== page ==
Posts Tagged "international"


Kirtsaeng v. Wiley: Supreme Court Creates New Class of Business Venture

Posted by on Mar 27, 2013 in Copyright, First Sale Doctrine

The Supreme Court decided this week the case of Kirtsaeng v. John Wiley & Sons. The opinion will undoubtedly have a large impact on intellectual property law. This case deals with a Thai national who was subsidizing his college tuition in the U.S. by having his relatives in Thailand buy textbooks for cheap, shipping them to him in the US, and then selling the text books to Americans on sites such as eBay. He made about a $100,000 profit off this enterprise. Eventually, the publisher caught wind, and sued. This enterprise is known as the “gray market”. Exploiting the price differential between the US and overseas can be quite profitable. The legality of this practice differs depending on the type of good being sold. Prior to this ruling, on copyrighted goods purchased overseas, most judges were ruling against the gray marketeers. Kirtsaeng argued that the ‘first sale doctrine’ creates an exception that validates his actions. The “first sale doctrine” in copyright law permits the owner of a lawfully purchased copy of a copyrighted work to resell it. Once you buy a copy of something, you own that copy. You can do as you wish with it. This is codified at 17 U.S.C. § 109(a) of the Copyright Act of...

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International Trademark Registration – Madrid Protocol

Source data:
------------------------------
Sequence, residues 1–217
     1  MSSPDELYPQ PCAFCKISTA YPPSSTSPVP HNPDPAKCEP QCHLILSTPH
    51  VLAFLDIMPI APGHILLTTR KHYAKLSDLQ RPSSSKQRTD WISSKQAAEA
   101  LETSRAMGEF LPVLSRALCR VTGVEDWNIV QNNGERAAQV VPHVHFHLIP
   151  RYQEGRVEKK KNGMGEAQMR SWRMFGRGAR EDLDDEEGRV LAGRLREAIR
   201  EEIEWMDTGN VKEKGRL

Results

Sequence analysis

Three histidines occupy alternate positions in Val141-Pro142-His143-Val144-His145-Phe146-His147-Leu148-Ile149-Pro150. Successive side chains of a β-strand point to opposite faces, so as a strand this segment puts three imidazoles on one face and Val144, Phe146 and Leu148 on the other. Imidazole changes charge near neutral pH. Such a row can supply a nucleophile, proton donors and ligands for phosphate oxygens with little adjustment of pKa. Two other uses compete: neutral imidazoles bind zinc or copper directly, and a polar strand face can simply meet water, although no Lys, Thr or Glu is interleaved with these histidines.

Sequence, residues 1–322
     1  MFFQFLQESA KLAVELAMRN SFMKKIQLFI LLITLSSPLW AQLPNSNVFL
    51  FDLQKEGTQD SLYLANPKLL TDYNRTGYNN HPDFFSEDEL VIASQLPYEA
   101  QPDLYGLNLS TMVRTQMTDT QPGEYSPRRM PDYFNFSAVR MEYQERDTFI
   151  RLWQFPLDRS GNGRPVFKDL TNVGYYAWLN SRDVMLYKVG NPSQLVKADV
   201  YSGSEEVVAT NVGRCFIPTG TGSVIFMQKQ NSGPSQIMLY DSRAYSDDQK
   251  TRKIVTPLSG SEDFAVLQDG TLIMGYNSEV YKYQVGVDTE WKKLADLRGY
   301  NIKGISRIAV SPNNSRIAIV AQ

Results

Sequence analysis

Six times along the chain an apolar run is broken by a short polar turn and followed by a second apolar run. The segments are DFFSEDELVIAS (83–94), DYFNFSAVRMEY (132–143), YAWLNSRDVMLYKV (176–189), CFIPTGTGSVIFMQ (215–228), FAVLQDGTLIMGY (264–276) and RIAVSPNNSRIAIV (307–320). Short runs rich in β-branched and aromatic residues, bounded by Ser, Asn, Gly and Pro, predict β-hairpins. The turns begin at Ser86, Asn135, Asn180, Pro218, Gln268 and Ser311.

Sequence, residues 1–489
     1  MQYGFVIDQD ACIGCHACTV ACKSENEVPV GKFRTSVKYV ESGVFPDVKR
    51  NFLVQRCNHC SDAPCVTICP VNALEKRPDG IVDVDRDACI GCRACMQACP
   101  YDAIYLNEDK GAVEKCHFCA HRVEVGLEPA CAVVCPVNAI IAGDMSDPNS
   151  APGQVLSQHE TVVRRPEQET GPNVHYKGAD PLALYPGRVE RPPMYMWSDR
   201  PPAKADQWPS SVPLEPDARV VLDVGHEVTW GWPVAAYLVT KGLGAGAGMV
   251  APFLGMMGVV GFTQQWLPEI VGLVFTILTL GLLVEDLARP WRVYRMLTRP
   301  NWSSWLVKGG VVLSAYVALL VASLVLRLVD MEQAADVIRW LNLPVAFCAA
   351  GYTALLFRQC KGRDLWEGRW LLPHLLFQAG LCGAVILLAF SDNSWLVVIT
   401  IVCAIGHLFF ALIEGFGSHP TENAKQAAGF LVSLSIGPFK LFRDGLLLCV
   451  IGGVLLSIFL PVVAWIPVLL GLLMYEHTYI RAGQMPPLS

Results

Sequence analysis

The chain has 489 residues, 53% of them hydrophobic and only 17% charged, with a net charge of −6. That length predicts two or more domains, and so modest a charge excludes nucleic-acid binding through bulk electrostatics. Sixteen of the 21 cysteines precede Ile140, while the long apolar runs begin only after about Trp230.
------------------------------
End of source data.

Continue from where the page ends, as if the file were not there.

Posted by on Jul 31, 2012 in Trademark

The Protocol Relating to the Madrid Agreement Concerning the International Registration of Marks, also known as the Madrid Protocol, is an international trademark treaty that allows for residents of any member country to file a single international trademark application. The treaty only covers trademark registration, however, and does not guarantee the trademark’s effectiveness across the variety of member states’ legal systems. The primary advantage of the Madrid Protocol is that an applicant can file a single form with one set of fees through a single office. As of November 2, 2003, the Madrid Protocol took effect in the United States. Under the Madrid Protocol, U.S. trademark owners can submit international applications to the International Bureau in Geneva, Switzerland through the United States Patent and Trademark Office. Foreign parties can also seek protection for their trademarks in the United States. Through the Madrid Protocol, a trademark holder can register their trademark in 84 member countries or contracting parties. To submit an application through the USPTO, a trademark holder must file an application or register a trademark with the Office and have a domicile or industrial or commercial establishment in the United States. The international application requires a basic or U.S. application, and both the mark itself and the owner must...

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